My theme in this blog is the phrase: ‘An awful lot of noise but no clear signal’.
While I am a co-founder of ‘mint’, which concentrates on marketing for dental professionals, I also run Meredith Marketing – which has a wider portfolio of clients.
Recently, I undertook one-day marketing consultancy exercises at three different businesses in one week – only one of which was a dental practice. All were successful operations run by ambitious, positive-thinking people.
In these sorts of sessions, I invariably have to ask a number of questions before we can start to discuss marketing aims and objectives.
In each of these particular sessions the same thing happened – the people at the top didn’t have key information at their fingertips.
In the case of the dental practice, the principal did know how many patients were on the book, how many were active, what was the NHS/private split and so on.
The directors of the non-dentistry businesses couldn’t give me their sales figures, their turnover or their profit margin.
All three appeared to have sophisticated management reporting systems but comments such as: ‘There is a report we can get, but I don’t know how’ and ‘I wouldn’t trust those figures, I’m sure they’re not accurate’ were typical.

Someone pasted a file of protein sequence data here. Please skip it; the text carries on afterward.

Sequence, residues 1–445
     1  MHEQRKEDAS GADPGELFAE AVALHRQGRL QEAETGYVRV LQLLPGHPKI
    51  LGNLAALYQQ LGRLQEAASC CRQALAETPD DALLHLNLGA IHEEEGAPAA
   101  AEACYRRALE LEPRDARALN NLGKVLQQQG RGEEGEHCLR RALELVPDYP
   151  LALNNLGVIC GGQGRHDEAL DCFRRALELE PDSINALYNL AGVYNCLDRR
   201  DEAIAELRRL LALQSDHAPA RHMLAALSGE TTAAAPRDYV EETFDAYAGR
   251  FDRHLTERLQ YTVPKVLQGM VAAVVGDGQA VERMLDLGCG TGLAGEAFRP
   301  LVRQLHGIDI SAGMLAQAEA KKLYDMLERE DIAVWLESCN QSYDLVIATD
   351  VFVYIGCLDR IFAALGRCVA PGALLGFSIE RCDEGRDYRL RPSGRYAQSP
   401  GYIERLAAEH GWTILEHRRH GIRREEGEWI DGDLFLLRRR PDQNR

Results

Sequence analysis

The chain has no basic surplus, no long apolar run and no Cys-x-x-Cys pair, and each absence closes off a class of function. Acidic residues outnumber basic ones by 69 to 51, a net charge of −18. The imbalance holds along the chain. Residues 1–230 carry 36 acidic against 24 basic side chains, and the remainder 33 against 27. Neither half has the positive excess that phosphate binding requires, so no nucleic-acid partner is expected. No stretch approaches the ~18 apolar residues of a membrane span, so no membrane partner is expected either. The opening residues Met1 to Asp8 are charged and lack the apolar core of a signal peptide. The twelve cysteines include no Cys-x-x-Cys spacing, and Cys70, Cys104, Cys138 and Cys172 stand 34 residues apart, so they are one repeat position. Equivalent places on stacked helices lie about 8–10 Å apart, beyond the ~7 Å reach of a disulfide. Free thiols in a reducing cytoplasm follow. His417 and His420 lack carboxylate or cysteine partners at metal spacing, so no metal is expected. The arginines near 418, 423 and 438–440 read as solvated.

There was even some frustration spilling over into anger that a system they’d spent a lot of money proved beyond their comprehension (they had not followed up with training or given a team member the responsibility to do so).
This brings me back to my theme: ‘An awful lot of noise but no clear signal.’
Unless you know very clearly how your business, enterprise or practice is performing you cannot know how you want it to be operating in the future and you then cannot determining what marketing strategy to employ.
Oh, to never hear the words again, ‘We tried marketing and it didn’t work’. How do you know? What were your marketing objectives? What did you use as measures of performance? Where your staff fully aligned with the marketing message or did you not even consult them?
If this blog makes it sound as though employing me for a marketing audit would mean facing a lot of pertinent questions, I’ve conveyed the correct message.
If I remember correctly, Naguib Mahfouz, the first Arabic writer to win a Nobel Prize for Literature, is quoted as saying: ‘You can tell whether a man is clever by his answers. You can tell whether a man is wise by his questions.’
If you’d like me to ask you some questions, email me at email@example.com.